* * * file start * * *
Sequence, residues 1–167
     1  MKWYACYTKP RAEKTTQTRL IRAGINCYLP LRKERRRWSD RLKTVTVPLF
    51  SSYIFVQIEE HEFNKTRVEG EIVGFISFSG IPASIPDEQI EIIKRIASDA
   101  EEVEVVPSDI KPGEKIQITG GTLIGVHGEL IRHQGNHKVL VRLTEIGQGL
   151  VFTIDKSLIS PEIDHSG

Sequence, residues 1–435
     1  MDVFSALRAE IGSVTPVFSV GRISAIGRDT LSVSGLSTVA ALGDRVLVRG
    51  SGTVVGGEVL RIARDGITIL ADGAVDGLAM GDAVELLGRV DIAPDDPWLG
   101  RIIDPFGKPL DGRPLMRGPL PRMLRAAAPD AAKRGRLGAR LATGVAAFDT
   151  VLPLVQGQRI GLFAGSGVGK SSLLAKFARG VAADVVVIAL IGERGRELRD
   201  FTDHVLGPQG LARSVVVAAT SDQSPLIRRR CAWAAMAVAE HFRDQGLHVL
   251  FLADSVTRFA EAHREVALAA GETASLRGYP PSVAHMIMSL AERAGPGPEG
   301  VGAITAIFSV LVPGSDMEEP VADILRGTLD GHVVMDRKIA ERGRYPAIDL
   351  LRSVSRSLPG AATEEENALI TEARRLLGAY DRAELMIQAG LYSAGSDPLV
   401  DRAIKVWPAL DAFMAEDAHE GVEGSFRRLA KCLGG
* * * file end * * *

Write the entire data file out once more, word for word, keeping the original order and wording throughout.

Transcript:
Sequence, residues 1–167
     1  MKWYACYTKP RAEKTTQTRL IRAGINCYLP LRKERRRWSD RLKTVTVPLF
    51  SSYIFVQIEE HEFNKTRVEG EIVGFISFSG IPASIPDEQI EIIKRIASDA
   101  EEVEVVPSDI KPGEKIQITG GTLIGVHGEL IRHQGNHKVL VRLTEIGQGL
   151  VFTIDKSLIS PEIDHSG

Sequence, residues 1–435
     1  MDVFSALRAE IGSVTPVFSV GRISAIGRDT LSVSGLSTVA ALGDRVLVRG
    51  SGTVVGGEVL RIARDGITIL ADGAVDGLAM GDAVELLGRV DIAPDDPWLG
   101  RIIDPFGKPL DGRPLMRGPL PRMLRAAAPD AAKRGRLGAR LATGVAAFDT
   151  VLPLVQGQRI GLFAGSGVGK SSLLAKFARG VAADVVVIAL IGERGRELRD
   201  FTDHVLGPQG LARSVVVAAT SDQSPLIRRR CAWAAMAVAE HFRDQGLHVL
   251  FLADSVTRFA EAHREVALAA GETASLRGYP PSVAHMIMSL AERAGPGPEG
   301  VGAITAIFSV LVPGSDMEEP VADILRGTLD GHVVMDRKIA ERGRYPAIDL
   351  LRSVSRSLPG AATEEENALI TEARRLLGAY DRAELMIQAG LYSAGSDPLV
   401  DRAIKVWPAL DAFMAEDAHE GVEGSFRRLA KCLGG